By Patrick Wolf
I normally have a soft spot for indie comic producers. I respect and admire such people, and so I naturally want to give them a good review. That said, I’m also a critic and I have a duty to provide my audience with an honest report—no matter how much I want the team behind the project to succeed. The Six Swords is, unfortunately, one of those projects that I just can’t get behind. Don’t get me wrong, it’s not the worst thing I’ve read, but it definitely needs a lot more polish before I’m prepared to recommend it to the public.
The Six Swords takes place sometime after World War 4 around the year 2079. It features six assassins-for-hire who are forced to work together after they realize they’ve all been hired by the same guy to capture each other. Faced with a bounty on each of their heads, the team must fight its way past scores of ruffians to find their mysterious boss before they go from ‘bounty-hunters’ to ‘bounties’.
Overall, the Six Swords is a fairly ordinary reading experience: the art’s okay, the dialogues decent, and the story’s coherent. Where the Six Swords really suffers, however, is in its amateurish grammar mistakes. Combined, the story has three writers and two editors, and yet, somehow, they all managed to miss the plethora of mistakes in the following sentence:
“Once upon a time in post-world war IV America, six swordsmen set upon each other for the glory of one warlord toss aside their differences and journey across a land ravaged by chaos, confronting not only foes from the past, but their inner demons as well.”
This is for real folks. The above, is actually a word-for-word copy of the first sentence in the Six Swords. There are no typos here. That’s actually how it’s written. Now, while I don’t want to sound like a cranky grad-school teacher, I cannot simply ignore these errors. Here’s a list of the following mistakes in this one sentence: comma splice, run-on-sentence, missing period, cliché, sentence sprawl, and missing comma. To be fair, the rest of Six Swords does a decent job in the grammar department, but errors like the above shouldn’t be happening—especially in the first sentence of the first issue.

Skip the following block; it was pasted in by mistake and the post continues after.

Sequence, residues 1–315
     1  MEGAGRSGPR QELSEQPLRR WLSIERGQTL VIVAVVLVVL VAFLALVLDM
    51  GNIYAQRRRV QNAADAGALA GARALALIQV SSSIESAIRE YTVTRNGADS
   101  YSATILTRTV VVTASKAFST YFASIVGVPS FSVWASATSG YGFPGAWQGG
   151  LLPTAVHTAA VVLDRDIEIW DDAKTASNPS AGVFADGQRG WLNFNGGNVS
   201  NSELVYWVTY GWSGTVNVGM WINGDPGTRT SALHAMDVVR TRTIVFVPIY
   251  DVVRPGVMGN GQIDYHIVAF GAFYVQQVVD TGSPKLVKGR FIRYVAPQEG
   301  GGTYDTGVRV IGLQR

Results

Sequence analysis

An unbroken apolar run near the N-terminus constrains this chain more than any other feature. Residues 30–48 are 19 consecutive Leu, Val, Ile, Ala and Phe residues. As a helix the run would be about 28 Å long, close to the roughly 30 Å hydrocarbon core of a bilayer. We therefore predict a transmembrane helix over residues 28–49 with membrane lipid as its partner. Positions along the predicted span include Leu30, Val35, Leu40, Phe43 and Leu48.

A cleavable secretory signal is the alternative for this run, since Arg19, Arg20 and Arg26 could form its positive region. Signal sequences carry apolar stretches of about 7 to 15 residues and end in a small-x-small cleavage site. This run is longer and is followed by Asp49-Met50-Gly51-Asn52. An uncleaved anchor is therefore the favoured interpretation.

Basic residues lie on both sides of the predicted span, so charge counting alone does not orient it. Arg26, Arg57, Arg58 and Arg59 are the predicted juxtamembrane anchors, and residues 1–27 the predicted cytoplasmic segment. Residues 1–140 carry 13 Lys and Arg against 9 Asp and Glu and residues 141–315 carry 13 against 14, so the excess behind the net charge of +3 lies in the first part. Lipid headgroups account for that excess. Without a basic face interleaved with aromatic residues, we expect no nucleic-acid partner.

But grammar mistakes aren’t the only problem with this comic. Another setback has to do with the story’s plausibility. On the one hand, we’re told the story takes place after WW4 somewhere around the year 2079, while on the other hand, the story’s illustrated as if it were a cheap western set in the 90’s. Nowhere in the comic are there signs of the devastation from the previous two world wars that would have plausibly set civilization back into the western era.
Another problem I have has to do with the story’s humor. Six Swords likes to make a lot of prostitution jokes—particularly ones that involve not paying for the poor girl’s services. Now, while I’m not an advocate of prostitution, I am an advocate of paying them. The women in the sex trade get abused and degraded enough. If you’re going to be a customer, the least you can do is pay them. I don’t find it funny that the ‘heroes’ will go to any length to get out of their bill—even if it involves literally jumping through a glass window.
To be fair, some of the story is pretty funny, but I fear that wasn’t the intention. To give an example, there’s one scene where the heroes first meet. It begins with Graves capturing Sanchez. The scene then continues with Adonis capturing Graves, and then Wu capturing Adonis. The scene goes on to do the same thing two more times. It culminates in the first captive telling the last hunter that he had earlier poisoned his drink—so, really, the first guy also captured the last guy. I remember chuckling during this scene—though, I'm afraid it was probably wasn’t intended to be funny.
I could go on with dozens of more examples, like how a pack of unarmed ruffians were implausibly willing to be hacked to shreds by the six heavily armed ‘good guys’, or how the story suffers from too many characters, or how the artwork sometimes looks more like Egyptian hieroglyphics than three-dimensional characters, but I think I’ve said enough. The Six Swords is an amateurish attempt at best, and a callous affront at worst. You’re best off avoiding this one.
The Six Swords # 1
Writer: Melchor Sapiandante, Matthew Perez, and Chris Massari
Artist: Ryan Cody
Colorist: Elaina Unger
Letterer: Renato Guerra
Publisher: AHR Visions